Policymakers from the six governments have said an interim accord on confidence-building steps could be within reach to defuse a decade-old stand-off and dispel the specter of a wider Middle East war over the Islamic Republic's nuclear ambitions.

But before negotiations began in earnest on details of the proposal on Thursday, France and Iran cranked up the rhetoric.

French Foreign Minister Laurent Fabius, who spoke out against a draft deal floated at the Nov. 7-9 negotiating round, was asked by France 2 television if there could be a deal.

"I hope so. But this agreement can only be possible based on firmness. For now the Iranians have not been able to accept the position of the six. I hope they will accept it."

In what appeared to be a response targeted at France, Zarif's deputy, Abbas Araqchi, said: "We have lost our trust... We cannot enter serious talks until the trust is restored. But that doesn't mean that we will stop negotiations."

Asked how trust could be restored, he said: "If they (the six powers) create one front, and stick with united words."

For the six powers, an interim deal would have Iran stop refining uranium to a concentration of 20 percent - a relatively short step away from weapons-grade material, accept more exhaustive UN nuclear inspections and mothball the Arak reactor, a potential source of weapons-grade plutonium.


Israel has lobbied hard against this formula, saying it offers Iran too much for too little by leaving its enrichment infrastructure, and therefore bomb-making potential, intact.

The Israeli criticism has resonated in the US Congress, where skeptics are calling for further US sanctions against Tehran, something President Barack Obama's administration has warned could derail the negotiations in Geneva.

Despite the concerted diplomacy in Geneva, US Senate Majority Leader Harry Reid said on Thursday he was committed to pursuing a tougher Iran sanctions bill when the Senate returns from a holiday recess early next month.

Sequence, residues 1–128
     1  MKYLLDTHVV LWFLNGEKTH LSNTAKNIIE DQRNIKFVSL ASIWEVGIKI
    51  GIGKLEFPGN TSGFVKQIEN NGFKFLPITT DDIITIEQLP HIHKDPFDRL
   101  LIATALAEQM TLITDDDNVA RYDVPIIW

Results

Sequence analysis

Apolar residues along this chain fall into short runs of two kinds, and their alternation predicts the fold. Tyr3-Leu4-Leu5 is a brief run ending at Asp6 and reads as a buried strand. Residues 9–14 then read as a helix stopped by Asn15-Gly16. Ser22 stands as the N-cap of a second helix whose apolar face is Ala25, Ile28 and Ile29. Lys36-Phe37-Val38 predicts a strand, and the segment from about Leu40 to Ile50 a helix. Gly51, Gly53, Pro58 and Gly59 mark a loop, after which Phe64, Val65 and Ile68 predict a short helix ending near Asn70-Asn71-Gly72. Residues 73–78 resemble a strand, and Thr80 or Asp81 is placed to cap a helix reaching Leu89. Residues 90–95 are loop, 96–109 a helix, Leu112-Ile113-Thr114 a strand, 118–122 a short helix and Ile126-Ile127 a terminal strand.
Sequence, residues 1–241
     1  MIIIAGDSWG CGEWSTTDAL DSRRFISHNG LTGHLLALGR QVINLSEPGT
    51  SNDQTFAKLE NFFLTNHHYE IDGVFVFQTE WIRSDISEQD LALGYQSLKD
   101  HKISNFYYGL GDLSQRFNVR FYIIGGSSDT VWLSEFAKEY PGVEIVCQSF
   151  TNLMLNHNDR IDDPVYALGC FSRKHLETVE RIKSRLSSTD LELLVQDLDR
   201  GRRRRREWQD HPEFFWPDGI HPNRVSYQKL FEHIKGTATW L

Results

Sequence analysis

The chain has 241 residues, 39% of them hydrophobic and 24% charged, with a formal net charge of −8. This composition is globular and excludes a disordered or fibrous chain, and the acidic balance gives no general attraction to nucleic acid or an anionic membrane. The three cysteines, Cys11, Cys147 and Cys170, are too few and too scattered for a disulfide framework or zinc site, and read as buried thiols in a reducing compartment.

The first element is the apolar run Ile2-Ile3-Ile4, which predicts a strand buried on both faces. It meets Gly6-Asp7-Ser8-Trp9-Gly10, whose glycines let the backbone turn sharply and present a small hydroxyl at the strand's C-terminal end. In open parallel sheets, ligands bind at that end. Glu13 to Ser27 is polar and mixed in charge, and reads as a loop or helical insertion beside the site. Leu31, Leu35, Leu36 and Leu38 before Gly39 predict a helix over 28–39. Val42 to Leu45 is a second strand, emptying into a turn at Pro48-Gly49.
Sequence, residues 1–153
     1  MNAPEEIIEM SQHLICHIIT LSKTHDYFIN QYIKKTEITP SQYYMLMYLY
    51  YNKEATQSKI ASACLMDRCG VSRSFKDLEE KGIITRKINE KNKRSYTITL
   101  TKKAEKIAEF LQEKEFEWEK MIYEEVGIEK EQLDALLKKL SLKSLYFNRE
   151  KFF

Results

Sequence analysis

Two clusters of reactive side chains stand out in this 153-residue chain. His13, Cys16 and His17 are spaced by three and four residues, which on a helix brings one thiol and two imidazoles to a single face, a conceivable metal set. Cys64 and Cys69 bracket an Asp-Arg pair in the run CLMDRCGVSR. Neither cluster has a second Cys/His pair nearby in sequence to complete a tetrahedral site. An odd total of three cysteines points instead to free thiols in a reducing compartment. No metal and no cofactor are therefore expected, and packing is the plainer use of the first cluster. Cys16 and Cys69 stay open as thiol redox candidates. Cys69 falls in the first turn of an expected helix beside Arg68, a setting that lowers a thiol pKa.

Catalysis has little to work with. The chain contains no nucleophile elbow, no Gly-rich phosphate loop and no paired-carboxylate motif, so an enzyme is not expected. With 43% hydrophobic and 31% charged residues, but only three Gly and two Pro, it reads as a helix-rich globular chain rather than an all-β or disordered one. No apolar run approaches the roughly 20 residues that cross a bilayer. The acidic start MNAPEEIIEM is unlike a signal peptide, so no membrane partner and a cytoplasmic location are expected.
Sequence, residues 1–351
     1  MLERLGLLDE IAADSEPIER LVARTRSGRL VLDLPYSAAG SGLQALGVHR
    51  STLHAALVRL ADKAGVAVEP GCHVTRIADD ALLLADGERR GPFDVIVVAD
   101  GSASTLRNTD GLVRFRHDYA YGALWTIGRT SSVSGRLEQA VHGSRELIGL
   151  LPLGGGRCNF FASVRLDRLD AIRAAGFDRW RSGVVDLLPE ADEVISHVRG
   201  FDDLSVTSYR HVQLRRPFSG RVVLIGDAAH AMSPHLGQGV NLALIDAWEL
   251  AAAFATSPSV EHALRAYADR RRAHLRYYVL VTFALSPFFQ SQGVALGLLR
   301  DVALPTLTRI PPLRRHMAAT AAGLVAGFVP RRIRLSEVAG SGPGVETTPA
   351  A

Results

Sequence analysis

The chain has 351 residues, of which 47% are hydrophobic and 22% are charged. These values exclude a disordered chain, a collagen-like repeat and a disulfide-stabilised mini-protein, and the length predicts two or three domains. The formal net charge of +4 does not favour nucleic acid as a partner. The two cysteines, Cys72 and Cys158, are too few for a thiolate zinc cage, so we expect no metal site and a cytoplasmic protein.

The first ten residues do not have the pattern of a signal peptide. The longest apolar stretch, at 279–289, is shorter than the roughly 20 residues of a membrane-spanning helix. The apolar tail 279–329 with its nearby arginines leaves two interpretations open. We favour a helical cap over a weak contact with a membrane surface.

Iran has demanded the powers acknowledge its right to enrich uranium, something the United States, France and other Western leaders refuse to do. Kerry said on Wednesday the issue of whether Iran will be allowed to enrich uranium in the longer term would not be decided in the interim deal.

Araqchi said "enrichment is our red line but we can discuss the level and the amount" of uranium to be enriched.

A senior Iranian delegation member, speaking on condition of anonymity, said Tehran understood that all oil and banking sanctions could not be removed "in one go" but that enrichment was a red line and "we should have a paragraph on it ... "If that element is not there, there will be no deal".

Zarif hinted at a possible way around this issue last weekend - Iran could insist on its own right to enrich uranium without requiring others to explicitly recognize it.

The interim arrangement under consideration calls for a six-month period of sanctions relief for Tehran that would give Iran and the powers time to craft a broad, permanent accord.

The United States has said the majority of sanctions will remain in place and any temporary sanctions relief would be cancelled if no long-lasting agreement with Tehran is reached, or if the Iranians violate the terms of the interim deal.